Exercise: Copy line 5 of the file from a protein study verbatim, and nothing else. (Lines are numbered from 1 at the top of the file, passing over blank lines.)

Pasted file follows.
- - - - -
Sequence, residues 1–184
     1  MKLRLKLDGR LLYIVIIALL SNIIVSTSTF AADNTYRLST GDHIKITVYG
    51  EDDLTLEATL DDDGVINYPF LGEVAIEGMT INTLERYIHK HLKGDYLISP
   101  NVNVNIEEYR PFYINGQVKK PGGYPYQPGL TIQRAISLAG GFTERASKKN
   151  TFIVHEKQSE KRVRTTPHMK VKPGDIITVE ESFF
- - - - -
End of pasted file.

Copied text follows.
   151  TFIVHEKQSE KRVRTTPHMK VKPGDIITVE ESFF